3.2. The Effect of Nanofibrillar Cellulose Hydrogels on Wound Closure and Inflammation

The effect of native and anionic NFC hydrogels on wound healing was evaluated in a splinted full-thickness excisional mouse wound model. Untreated wounds served as controls. Due to exclusion criteria, 36 wound samples (13 controls, 13 native NFC, 10 ANFC) harvested on days 3 or 7 post-surgery were available for analyses (Supplementary Table S2). None of the animals suffered from exaggerated pain, itch, or discomfort due to the treatments. Wound area was measured as indicated in Figure 2A. Representative photographs of the wounds at both time points are presented in Figure 2B. Compared with control wounds, wounds treated with native or anionic NFC did not promote wound closure on either of the time points (Figure 2C). At day 7, wound healing in control wounds was significantly progressed compared with day 3, while in wounds treated with native NFC or ANFC wound closure was not advanced (Figure 2C). These results suggest that NFC hydrogels do not affect wound closure.
At the beginning of inflammatory phase in wound healing, numerous leukocytes consisting mainly of neutrophils are infiltrated into the wound area during the first hours after the skin injury to clear the wound from invaded microbes and foreign material [1]. In our study, an independent pathologist analyzed the inflammatory changes from histological wound samples stained with hematoxylin and eosin on days 3 and 7 (Figure 3). On day 3, the dermis indicated various levels of inflammation. Dermal adipose tissue showed necrotic debris and hemorrhage, suggesting a marked trauma due to wounding, and moderate mixed inflammation. On day 7, a cellular crust consisting of abundant granulocyte debris and eosinophilic material covered the wound areas. The dermis exhibited mild to moderate inflammatory cell infiltration, and dermal adipose tissue showed mild to marked mixed inflammation. The inflammation in the wound area and in the wound margin were separately graded with numerical scales (Table 1 and Table 2, respectively). No significant difference in acute inflammatory response was observed in native NFC- or ANFC-treated wounds compared with control, suggesting that wounds treated with NFC hydrogels progress through normal inflammation phase during wound healing. Further, there was no evidence of cell death due to the treatments.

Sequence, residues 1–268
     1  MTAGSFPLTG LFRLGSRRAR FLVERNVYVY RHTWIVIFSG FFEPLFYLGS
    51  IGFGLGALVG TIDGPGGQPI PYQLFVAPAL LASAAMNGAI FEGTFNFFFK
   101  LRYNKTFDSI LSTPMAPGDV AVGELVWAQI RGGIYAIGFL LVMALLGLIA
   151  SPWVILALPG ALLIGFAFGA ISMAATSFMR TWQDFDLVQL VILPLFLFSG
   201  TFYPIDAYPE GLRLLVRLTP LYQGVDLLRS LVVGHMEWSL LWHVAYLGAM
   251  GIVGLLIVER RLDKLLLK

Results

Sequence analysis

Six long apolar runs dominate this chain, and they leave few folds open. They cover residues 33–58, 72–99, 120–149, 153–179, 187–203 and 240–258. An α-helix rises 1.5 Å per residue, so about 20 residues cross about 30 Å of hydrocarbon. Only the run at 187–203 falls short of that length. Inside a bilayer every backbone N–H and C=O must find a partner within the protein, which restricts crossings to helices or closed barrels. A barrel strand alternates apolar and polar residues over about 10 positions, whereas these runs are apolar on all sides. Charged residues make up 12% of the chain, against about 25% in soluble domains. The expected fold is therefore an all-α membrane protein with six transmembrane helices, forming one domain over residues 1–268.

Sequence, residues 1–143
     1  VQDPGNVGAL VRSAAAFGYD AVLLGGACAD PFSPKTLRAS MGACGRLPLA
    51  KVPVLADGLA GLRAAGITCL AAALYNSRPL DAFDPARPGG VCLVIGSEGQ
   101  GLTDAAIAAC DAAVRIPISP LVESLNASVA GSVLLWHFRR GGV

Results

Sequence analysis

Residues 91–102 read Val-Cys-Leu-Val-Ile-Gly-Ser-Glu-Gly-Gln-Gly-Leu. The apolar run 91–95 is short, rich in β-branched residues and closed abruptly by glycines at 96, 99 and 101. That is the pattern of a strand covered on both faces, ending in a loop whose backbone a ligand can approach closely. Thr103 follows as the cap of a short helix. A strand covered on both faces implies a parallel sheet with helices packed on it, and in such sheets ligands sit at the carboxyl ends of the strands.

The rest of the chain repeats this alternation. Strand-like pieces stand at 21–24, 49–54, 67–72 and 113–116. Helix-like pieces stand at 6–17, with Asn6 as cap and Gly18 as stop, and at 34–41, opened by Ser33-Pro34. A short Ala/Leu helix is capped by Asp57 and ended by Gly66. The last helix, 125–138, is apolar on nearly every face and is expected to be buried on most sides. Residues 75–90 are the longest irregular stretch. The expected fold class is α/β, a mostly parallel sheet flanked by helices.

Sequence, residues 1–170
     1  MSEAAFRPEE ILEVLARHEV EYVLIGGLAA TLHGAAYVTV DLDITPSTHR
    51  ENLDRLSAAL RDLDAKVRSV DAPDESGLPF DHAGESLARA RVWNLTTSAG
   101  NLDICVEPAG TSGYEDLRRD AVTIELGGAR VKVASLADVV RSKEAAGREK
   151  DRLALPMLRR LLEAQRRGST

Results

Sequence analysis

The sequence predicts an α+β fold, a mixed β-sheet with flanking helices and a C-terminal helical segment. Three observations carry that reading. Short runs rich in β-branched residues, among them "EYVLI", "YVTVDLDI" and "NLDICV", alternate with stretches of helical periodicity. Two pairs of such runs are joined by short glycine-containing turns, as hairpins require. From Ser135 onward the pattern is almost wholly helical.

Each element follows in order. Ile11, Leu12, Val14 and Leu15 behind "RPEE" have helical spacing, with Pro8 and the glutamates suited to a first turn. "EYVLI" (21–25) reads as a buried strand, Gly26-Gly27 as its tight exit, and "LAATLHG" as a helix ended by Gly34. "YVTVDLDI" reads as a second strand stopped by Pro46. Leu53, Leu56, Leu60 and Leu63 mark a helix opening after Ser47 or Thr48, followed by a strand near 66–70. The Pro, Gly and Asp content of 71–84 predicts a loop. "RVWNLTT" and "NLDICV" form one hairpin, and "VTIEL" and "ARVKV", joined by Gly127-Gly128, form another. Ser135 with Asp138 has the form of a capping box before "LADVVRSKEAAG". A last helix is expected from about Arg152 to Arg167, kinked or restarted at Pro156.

According to histopathologic evaluation, both native NFC and ANFC appeared biocompatible and induced no foreign body giant cell formation but showed infiltration of various cell types, mainly neutrophils in addition to few macrophages, into the hydrogels (Figure 3 and Figure 4). Native NFC even exhibited some infiltration of mesenchymal cells and epidermal cells and was encapsulated by fibrous tissue in some samples (Figure 4B,C). These results point out an acute inflammatory response, which is characterized by neutrophil infiltration, but no pathological immune response towards the biomaterial involving development of foreign body giant cells (FBGCs) [33]. However, it cannot be ruled out that FBGCs are not forming at the later time points, which are not addressed in this study.

3.3. Nanofibrillar Cellulose Hydrogels Provide Efficient Wound Re-Epithelialization

Concomitantly with the inflammation phase, the wound healing continues with cell proliferation that facilitates the growth of a new epithelium and the granulation tissue. We observed hyperplasia to be present in the epithelium at the wound margin in all samples (Figure 3A). Further, we evaluated re-epithelialization in wounds from Masson’s trichrome-stained wound sections by measuring the length of the neo-epithelium, i.e., the layer of keratinocytes growing into the wound area, as indicated by double-headed arrows in Figure 5A. Both native NFC and ANFC showed comparable re-epithelialization at day 3 and day 7 compared with control wounds (Figure 5A,B).
To analyze cell proliferation in the newly regenerated epidermis, the proliferating cell nuclear antigen (PCNA), a marker for proliferating cells, was detected in day 3 and 7 wound sections by immunohistochemistry to quantify the amount of positive keratinocytes (Figure 5C–F). NFC hydrogels showed similar levels of PCNA-positive keratinocytes in the epidermis compared with control (Figure 5D,F) indicating that cell proliferation in the epidermis was not significantly affected. Results presented herein propose that the growth of the new epidermal tissue progresses ordinarily in wounds treated with NFC hydrogels.

3.4. Granulation Tissue Formation Appears Normal in NFC Hydrogel-Treated Wounds